Rare Commodities, Rarer Memories

In my two-part post a couple of years ago discussing Walter B. Leonard’s reminiscences of 1870s New York small town life including running a bar and hotel, I linked to his first, 1932 newspaper account. It was supplemented by a much longer, multi-part series published in the late 1940s, as detailed in my posts.

Leonard was a retired showman, having spent years in make-up under lights entertaining Americans far and wide, mostly in small towns of the type that nourished his youth.

Below is an extract from the 1932 story, and immediately one sees the colour and verve in his memoir. The prose has a natural energy that parallels the pace and style he must have exhibited in his years on the show circuit.

As I said earlier, a television or cable series could easily be created around his descriptions a la The Waltons, the 1970s American tv series that offered a rose-coloured (perhaps) version of American pioneer life but was wildly popular here.

I remember when the first lager beer was introduced into the North Country. The young men seemed to favor this innovation, as it was considered more aristocratic than the plebeian beer or ale; however the older imbibers did not look with favor on this newfangled beverage, but continued to drink the old line of wet goods. Champagne was never kept or called for, and but few fancy bottled goods. Occasionally father would order a case or two of Guinnesse’s Dublin Stout ale which was sold for medicinal purposes. My sisters were always anxious to get these bottles which were heavy glazed earthenware. These they would cover with pretty colored pictures of flowers and the like and place them on their bureaus with bouquets in them. Occasionally a whisky agent would present father with some small, flat decanters containing brandy imported from Spain. These had a little artistic handle at the side and a beautiful many colored label representing either a bull fight or a Spanish senoreta dancing to the music of a guitar played by an attractive senor in short pants and bolero. Occasionally, too, a large glass demijohn substantially covered with wickerwork, containing West India rum, would be shipped to my father. All of these rare commodities were of much interest to me as an imaginative boy, coming as they did from the far off romantic countries.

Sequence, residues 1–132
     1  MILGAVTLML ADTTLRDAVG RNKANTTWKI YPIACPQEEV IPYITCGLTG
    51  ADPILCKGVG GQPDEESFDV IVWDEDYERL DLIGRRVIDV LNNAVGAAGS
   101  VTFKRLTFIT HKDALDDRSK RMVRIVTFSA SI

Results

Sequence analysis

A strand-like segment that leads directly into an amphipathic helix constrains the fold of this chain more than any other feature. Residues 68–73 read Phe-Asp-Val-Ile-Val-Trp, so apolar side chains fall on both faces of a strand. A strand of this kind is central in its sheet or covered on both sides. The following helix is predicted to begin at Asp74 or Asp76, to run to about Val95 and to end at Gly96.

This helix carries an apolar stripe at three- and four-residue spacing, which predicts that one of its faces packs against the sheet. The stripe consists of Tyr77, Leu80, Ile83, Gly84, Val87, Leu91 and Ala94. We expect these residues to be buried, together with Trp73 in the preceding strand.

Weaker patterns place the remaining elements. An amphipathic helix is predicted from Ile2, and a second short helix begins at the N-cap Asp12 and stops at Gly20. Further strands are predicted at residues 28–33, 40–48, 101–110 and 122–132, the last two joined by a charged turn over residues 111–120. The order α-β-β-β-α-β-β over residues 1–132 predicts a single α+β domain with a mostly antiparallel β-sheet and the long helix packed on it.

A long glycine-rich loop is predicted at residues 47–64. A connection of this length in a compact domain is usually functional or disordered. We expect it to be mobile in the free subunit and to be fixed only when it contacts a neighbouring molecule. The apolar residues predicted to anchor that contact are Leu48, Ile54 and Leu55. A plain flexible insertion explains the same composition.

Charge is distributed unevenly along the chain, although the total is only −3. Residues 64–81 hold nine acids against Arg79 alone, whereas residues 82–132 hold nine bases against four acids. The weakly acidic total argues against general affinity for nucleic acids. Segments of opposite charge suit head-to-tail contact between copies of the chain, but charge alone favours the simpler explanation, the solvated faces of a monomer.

You can read the full 1932 story here, simply magnify and it comes up in perfect resolution. It was published that year in the Republican-Journal of Ogdensburg, NY.

While by the 1860s lager was selling in huge quantities in Manhattan and boroughs, it took time for the German drink to reach the northern fringe of New York State, the “North Country”. I don’t know if that expression is still used, but into the 1970s it was: I recall it on American tv (WPTZ from Plattsburgh!) and seeing it in local advertising and newspapers when visiting there.

Leonard lived in Morley, far upstate and very near Canada although Canada might as well have been the far side of the moon – little mention of it appears in Leonard’s account.

Some would say not much has changed, regarding the Americans’ taking  notice of us I mean. At bottom we’re much the same people, with similar roots in both population and culture. It’s like the cousin you never call but should, they’re still in the family.

Leonard was my kind of guy, anyway.

Note: The print extract included above is from New York State Historic Newspapers. The still image, from the tv series The Waltons, was sourced from the Wikipedia entry on The Waltons linked in the text. The quotation and image appear for educational and historical purposes. All intellectual property therein belongs solely to the lawful owner, as applicable.

 

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